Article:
“Prose both scabrous and poetic.” – Publishers Weekly. “Proust meets Chandler over a pint of Guinness.” – Spectator. “A sheer pleasure.” – Tana French. “Among the most memorable books of the year, of any genre.” – Sunday Times. “A hardboiled delight.” – Guardian. “Imagine Donald Westlake and Richard Stark collaborating on a screwball noir.” – Kirkus Reviews. “A cross between Raymond Chandler and Flann O’Brien.” – John Banville. “The effortless cool of Elmore Leonard at his peak.” – Ray Banks. “A fine writer at the top of his game.” – Lee Child.

Thursday, July 5, 2007

This Week We’re Reading … The Dead Yard and Half Moon Investigations

The Dead Yard being the second in Adrian McKinty’s ‘Dead’ trilogy, in which Michael Forsythe – Bourne with an evil sense of humour – goes undercover to infiltrate an Irish paramilitary splinter group operating out of New England. A pounding pace, rugged prose and a palette of pop culture references put this one in the Pelecanos bracket, but it’s McKinty’s turn of phrase that marks him out as an original – even if, hailing as we do from the Yeats County, we could have done without the various references to the ‘cow fuckers from Sligo’. Fabulous stuff, and The Bloomsday Dead yet to come: our cup runneth over. Meanwhile, Half Moon Investigations by Eoin Colfer details the adventures of Fletcher Moon, a 12-year-old PI investigating the disappearance of a lock of hair. The rules of underage fiction dictate that there’s a refreshing absence of gore, violence and generalised psychosis, but on the basis of its seamless writing, sly humour and reading-as-pure-pleasure, this tucks effortlessly into Elmore Leonard’s slipstream. Colfer is obviously a fan of Chandler et al, and he has distilled essence of the hardboiled style here, with the emphasis very much on style. Writers will read it and weep; less self-conscious readers will be wearing a smile throughout.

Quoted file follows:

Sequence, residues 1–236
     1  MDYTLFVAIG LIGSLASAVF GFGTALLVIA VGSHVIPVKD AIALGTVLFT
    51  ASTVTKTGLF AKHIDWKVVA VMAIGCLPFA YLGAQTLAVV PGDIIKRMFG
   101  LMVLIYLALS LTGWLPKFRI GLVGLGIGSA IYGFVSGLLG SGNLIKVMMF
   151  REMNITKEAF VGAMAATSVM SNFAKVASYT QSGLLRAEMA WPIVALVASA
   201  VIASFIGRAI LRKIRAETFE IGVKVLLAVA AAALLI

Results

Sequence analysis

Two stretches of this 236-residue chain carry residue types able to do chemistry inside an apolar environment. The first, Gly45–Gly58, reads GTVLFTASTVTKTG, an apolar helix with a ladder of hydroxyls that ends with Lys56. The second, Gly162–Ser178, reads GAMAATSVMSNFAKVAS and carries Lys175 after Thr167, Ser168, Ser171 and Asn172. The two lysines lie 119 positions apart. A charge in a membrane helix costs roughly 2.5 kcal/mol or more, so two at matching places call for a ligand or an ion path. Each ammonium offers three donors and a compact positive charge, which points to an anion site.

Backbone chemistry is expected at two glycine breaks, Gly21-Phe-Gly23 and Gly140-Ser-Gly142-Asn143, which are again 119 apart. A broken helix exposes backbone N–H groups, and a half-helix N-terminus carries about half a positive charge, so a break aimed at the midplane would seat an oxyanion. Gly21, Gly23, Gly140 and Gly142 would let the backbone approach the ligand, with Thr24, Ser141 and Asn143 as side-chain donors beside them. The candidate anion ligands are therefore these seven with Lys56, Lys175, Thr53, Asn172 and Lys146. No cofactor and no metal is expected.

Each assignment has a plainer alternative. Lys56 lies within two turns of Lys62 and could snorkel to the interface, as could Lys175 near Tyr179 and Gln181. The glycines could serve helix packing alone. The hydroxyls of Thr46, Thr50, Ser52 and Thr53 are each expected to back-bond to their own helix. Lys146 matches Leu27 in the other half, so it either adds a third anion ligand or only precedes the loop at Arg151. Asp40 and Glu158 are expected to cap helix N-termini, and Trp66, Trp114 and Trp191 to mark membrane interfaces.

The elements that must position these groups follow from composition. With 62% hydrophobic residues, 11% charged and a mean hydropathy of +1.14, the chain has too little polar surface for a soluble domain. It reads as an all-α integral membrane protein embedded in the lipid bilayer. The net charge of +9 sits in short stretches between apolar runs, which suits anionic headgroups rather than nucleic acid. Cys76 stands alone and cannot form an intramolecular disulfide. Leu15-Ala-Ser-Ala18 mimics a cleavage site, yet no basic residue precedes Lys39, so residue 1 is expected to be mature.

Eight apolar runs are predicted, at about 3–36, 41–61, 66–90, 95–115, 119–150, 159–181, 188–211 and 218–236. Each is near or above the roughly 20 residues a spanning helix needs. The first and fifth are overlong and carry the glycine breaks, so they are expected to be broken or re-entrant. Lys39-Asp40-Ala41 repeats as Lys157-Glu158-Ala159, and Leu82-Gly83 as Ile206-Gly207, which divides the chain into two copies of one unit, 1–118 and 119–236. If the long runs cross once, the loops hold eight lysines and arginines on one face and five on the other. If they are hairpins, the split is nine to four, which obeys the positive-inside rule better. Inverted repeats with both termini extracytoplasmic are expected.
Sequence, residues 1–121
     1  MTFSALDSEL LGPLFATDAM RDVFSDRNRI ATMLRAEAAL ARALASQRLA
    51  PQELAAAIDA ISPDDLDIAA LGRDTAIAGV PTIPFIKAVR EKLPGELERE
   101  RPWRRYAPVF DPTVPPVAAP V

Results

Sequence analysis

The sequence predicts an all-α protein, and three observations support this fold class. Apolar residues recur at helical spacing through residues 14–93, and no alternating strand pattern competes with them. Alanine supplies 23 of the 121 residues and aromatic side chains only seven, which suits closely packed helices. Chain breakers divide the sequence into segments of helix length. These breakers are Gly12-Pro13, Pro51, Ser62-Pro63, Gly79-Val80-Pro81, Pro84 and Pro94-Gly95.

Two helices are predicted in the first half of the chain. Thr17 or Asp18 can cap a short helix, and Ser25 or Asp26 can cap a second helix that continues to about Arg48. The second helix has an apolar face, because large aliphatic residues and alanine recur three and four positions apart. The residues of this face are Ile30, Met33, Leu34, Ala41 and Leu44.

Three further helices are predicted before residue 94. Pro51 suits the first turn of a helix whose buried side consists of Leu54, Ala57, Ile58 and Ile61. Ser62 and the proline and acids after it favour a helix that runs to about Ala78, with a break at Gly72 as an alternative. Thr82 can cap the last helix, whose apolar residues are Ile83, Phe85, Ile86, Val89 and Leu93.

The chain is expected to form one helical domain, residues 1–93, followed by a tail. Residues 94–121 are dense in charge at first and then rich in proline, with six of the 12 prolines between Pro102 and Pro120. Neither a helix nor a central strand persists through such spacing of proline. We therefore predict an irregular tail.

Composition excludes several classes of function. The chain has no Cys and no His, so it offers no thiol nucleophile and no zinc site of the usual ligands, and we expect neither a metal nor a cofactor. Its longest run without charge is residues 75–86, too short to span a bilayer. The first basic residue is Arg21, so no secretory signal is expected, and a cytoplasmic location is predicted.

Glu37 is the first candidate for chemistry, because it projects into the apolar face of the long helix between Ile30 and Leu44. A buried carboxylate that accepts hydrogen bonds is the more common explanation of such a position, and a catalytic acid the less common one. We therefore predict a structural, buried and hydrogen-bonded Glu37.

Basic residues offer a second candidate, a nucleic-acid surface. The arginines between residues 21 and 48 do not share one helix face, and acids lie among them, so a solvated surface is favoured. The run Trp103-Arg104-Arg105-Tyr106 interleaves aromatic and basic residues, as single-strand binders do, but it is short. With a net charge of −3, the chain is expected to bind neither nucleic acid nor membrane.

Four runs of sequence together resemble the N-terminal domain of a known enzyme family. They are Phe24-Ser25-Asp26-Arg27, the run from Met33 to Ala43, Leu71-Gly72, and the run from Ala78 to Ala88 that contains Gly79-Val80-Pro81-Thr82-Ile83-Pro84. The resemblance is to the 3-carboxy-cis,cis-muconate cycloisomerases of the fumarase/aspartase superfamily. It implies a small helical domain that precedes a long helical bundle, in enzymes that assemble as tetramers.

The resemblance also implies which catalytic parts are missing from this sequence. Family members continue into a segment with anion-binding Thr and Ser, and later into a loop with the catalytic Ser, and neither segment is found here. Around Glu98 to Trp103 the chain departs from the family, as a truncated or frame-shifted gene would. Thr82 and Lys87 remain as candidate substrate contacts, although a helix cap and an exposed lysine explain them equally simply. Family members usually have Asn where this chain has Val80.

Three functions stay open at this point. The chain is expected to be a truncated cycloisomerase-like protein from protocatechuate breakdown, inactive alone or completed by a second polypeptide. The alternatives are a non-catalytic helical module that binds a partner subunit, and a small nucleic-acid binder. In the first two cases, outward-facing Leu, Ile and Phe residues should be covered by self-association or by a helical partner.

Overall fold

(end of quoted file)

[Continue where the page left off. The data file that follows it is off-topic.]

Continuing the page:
1 comment:

Ann said...

At last! Well, I'm glad you seemed to enjoy Half Moon. Nice book cover. Is that the Irish version, because mine isn't the same? I seem to remember Eoin saying his publishers wanted him to leave things out that would be too adult for his readers, but he wanted them to remain for us mature readers. Good thing. And you can't start hardboiling them too early.